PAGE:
Return to search

Yale’s David Swensen leaves powerful legacy

Swensen, who died Wednesday at 67, was a pioneer of the the 'Yale model' for public investment portfolios that focused heavily on alternatives.

The death of Yale University chief investment officer David Swensen sent reverberations through the investment industry this week.

Tributes rolled in not only for his groundbreaking role in making alternative investments an integral part of public investment portfolios but for his friendship and willingness to mentor others.

“He’s a titan in the industry. This is a sad day for institutional investors,” said Christopher Schelling, director of alternative investments at Venturi Private Wealth and former private equity director at Texas Municipal Retirement System.

Swensen died of cancer on Wednesday, according to a post from Yale president Peter Salovey. He was 67. Swensen was a Yale graduate who had run its investment program since 1985. As of June 30, 2020, the endowment was valued at $31.2 billion.

Swensen helped kick-start a trend of big endowments piling capital into private equity and venture capital, which helped fuel institutional investor demand for alternatives that has grown into a multi-billion dollar industry. This became known as the “Yale Model” or the “Endowment Model.” He also wrote two books on investing, which were highly influential.

For fiscal year 2021, Yale’s target allocations included 17.5 percent to leveraged buyouts and 23.5 percent venture capital. According to the school’s 2020 report, it sought to commit about one-half of its portfolio to illiquid asset classes.

“David’s ideas reverberated beyond Yale as he revolutionized the landscape of institutional investing,” Salovey wrote.

“David wrote the book on how to run an institutional portfolio,” said Chris Ailman, CIO of California State Teachers’ Retirement System, in a statement. “No one can match his legacy, results, and contribution to our industry.”

Swensen joined Yale in 1985, prior to which he worked at Salomon Brothers and Lehman Brothers. From his perch building out alternatives for the endowment in the early days of private equity, Swensen was able to back some of today’s biggest managers, including Great Hill Partners.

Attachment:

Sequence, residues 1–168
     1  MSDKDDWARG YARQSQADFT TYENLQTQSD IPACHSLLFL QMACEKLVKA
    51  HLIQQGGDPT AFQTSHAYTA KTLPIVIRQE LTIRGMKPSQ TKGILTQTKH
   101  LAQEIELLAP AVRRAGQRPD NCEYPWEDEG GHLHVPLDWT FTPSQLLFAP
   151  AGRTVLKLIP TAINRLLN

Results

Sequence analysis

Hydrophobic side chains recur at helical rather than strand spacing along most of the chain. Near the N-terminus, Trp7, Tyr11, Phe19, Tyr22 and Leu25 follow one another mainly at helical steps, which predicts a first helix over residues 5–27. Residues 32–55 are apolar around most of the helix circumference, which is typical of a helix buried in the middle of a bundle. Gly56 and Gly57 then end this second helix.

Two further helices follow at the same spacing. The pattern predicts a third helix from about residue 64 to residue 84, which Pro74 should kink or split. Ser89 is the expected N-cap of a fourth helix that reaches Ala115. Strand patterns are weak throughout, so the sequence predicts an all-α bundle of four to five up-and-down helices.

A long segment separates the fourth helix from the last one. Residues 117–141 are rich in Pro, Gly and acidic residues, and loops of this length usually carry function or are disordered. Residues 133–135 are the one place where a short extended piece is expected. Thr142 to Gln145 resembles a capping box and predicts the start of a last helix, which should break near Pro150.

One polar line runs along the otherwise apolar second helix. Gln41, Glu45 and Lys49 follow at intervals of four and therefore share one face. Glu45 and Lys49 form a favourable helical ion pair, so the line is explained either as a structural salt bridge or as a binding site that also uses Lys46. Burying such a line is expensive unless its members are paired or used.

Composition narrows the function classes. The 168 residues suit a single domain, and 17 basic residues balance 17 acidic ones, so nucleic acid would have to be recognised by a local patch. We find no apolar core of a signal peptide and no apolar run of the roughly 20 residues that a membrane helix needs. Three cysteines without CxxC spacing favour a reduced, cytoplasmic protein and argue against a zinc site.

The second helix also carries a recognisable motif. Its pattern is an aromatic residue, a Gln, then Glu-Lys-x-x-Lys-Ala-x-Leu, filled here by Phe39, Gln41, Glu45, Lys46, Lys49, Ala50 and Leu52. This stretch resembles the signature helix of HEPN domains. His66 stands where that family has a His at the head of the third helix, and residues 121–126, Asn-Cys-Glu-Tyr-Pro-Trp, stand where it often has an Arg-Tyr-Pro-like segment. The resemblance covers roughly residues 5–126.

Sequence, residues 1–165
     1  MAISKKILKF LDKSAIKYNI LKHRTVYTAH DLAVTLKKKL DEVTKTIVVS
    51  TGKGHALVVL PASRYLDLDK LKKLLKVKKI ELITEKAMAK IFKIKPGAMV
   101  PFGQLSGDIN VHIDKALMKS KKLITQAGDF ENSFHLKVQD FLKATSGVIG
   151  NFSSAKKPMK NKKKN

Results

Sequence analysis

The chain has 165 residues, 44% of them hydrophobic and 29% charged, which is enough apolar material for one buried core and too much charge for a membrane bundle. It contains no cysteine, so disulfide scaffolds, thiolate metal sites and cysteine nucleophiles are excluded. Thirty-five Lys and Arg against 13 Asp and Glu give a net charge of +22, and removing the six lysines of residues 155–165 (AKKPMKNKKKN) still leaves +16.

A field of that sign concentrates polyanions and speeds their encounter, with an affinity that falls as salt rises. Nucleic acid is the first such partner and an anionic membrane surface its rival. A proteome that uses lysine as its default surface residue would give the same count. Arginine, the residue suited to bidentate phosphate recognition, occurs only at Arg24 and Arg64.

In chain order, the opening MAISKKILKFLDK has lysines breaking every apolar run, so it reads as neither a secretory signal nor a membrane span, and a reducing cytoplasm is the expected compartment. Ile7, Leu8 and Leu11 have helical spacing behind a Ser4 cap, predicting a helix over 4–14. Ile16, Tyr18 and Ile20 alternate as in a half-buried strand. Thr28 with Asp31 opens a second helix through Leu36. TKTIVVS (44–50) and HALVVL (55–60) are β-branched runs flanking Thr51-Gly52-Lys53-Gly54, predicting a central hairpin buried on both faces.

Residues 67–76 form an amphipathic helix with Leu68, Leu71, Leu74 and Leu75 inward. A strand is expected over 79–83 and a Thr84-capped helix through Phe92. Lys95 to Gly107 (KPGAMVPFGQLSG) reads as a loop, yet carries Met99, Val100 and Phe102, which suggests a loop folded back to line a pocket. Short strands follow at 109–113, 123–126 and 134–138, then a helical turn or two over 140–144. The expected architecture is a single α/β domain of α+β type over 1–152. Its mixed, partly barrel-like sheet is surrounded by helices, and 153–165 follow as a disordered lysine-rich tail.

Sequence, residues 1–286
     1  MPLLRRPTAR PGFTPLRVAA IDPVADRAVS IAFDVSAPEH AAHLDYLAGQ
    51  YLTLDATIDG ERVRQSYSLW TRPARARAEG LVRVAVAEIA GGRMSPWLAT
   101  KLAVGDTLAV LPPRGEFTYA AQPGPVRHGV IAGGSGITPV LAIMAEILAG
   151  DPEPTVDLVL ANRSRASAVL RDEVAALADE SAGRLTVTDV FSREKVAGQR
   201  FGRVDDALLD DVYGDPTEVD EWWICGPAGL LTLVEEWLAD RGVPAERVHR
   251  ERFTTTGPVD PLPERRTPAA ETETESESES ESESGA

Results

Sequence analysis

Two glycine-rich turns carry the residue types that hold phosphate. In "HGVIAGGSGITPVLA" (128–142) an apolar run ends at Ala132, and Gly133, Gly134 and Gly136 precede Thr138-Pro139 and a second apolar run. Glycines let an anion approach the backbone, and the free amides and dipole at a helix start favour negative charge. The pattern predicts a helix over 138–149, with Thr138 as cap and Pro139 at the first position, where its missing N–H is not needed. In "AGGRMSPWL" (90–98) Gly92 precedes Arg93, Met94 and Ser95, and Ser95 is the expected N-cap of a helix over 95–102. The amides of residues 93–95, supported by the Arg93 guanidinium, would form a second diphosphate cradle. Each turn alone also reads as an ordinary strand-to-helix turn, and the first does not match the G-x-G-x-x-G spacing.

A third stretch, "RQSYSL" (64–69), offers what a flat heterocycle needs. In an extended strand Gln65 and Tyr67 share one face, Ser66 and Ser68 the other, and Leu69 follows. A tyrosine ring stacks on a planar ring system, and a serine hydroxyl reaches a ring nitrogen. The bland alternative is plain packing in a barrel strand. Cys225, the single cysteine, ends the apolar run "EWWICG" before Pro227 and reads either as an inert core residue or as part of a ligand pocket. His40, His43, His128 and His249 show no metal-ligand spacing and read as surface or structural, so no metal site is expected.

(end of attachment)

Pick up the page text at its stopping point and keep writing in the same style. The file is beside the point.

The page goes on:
“David was a dear friend of the firm, as well as a close supporter and advisor to Great Hill for over 23 years, having been involved since our very first fund,” said Chris Gaffney, a managing partner with Great Hill Partners. “Not only was David a legendary investor, but he was also an extremely insightful individual who was thoughtful and generous with his ideas and guidance.”

He also backed hedge fund Farallon Capital Management and General Catalyst in the early days, according to Bloomberg. “Dave absolutely put us in business,” Joel Cutler, a General Catalyst founder, told Bloomberg in 2019.

Swensen’s approach was not without its detractors. A recent study from Richard Ennis, the retired chairman of consultant EnnisKnupp, found that alternative investments had failed to protect pension funds and endowments during the global financial crisis, according to Institutional Investor, even going to far as to call the belief these asset classes provide better returns an “article of faith.”

“Since the great financial crisis there has been criticism of the model in that it did not take into proper account the illiquidity of most alternatives, and to an extent disregarded asset/liability balance, especially during a liquidity shock,” Kelly DePonte, managing director with placement agency Probitas Partners, said in an email.

Still, the model that Swensen developed is widely used today across large institutions.

“I think the real legacy should be the creativity and the innovative unconstrained approach that went into building that model as opposed to his legacy being the static kind of allocation that a lot of people have tried to mimic,” said Schelling. “They allocated to private equity not because they had a top-down asset class allocation to private equity but because they found great managers.”

Read more reaction here:

  • “David Swensen will not only be missed for his investment acumen and steady, innovative leadership as Yale’s chief investment officer, but for his kind and generous spirit,” Jagdeep Singh Bachher, CIO of the University of California, said in a statement.
  • “David Swensen was an extraordinary person,” said Jim Bailey, co-founder of Cambridge Associates, in a statement to Buyouts. “He was bold during a time when institutions still looked at investments from a simplified portfolio perspective, and he was a leader in making endowment management a meaningful career for many. Most importantly, his work materially improved investment results.”
  • “Finance lost its greatest champion for diversification, long-termism, and creative asset allocation,” John L. Bowman, senior managing director at CAIA Association, a global credentialing body for alternative investment analysts, wrote on LinkedIn.
  • Casey D. Whalen, chief executive officer and chief investment officer of Truvvo Partners, posted a tribute to Swensen on LinkedIn calling him a mentor and dear friend. “I am forever grateful for having you in my life. I miss you already,” she wrote.

Action Item: read Yale University president Peter Salovey’s statement on David Swensen’s death here. Read the school’s 2020 investment report here.